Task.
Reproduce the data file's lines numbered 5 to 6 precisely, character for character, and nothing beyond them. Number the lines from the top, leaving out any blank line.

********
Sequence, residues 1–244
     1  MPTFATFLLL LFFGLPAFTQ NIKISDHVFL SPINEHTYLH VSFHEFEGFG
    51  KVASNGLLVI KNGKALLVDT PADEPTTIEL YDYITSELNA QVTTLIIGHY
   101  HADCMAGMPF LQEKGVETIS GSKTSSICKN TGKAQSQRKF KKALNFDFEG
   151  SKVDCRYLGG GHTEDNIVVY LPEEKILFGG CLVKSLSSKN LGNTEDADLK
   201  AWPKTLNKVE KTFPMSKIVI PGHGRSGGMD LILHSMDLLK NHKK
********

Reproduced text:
   151  SKVDCRYLGG GHTEDNIVVY LPEEKILFGG CLVKSLSSKN LGNTEDADLK
   201  AWPKTLNKVE KTFPMSKIVI PGHGRSGGMD LILHSMDLLK NHKK